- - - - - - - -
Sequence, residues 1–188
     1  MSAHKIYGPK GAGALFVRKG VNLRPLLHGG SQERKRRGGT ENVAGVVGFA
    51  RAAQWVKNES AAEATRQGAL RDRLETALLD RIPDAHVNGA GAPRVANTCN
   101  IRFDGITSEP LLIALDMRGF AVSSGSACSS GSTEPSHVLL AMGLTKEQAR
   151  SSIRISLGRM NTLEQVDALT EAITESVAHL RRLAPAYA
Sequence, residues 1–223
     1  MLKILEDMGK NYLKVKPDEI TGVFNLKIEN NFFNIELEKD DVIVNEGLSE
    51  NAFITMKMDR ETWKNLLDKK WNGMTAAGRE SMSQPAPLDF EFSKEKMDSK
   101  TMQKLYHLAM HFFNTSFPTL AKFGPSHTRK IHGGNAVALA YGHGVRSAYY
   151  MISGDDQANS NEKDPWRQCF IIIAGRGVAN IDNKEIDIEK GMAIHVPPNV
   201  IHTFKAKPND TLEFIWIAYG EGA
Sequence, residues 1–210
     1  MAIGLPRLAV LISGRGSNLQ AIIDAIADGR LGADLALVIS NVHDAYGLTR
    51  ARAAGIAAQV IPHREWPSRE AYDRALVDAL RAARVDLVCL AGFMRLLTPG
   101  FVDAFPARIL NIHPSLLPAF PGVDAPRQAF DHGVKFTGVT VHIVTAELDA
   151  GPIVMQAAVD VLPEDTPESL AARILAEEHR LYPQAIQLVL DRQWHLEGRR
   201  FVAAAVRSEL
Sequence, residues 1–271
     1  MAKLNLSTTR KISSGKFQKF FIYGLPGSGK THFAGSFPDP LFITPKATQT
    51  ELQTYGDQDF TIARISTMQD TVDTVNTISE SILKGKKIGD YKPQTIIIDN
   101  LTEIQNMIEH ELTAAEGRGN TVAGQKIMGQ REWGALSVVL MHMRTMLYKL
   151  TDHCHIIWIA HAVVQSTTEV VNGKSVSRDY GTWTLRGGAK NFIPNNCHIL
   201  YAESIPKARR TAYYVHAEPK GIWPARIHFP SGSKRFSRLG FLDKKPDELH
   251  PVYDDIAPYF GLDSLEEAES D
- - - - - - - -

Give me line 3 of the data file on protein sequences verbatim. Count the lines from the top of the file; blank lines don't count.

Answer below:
    51  RAAQWVKNES AAEATRQGAL RDRLETALLD RIPDAHVNGA GAPRVANTCN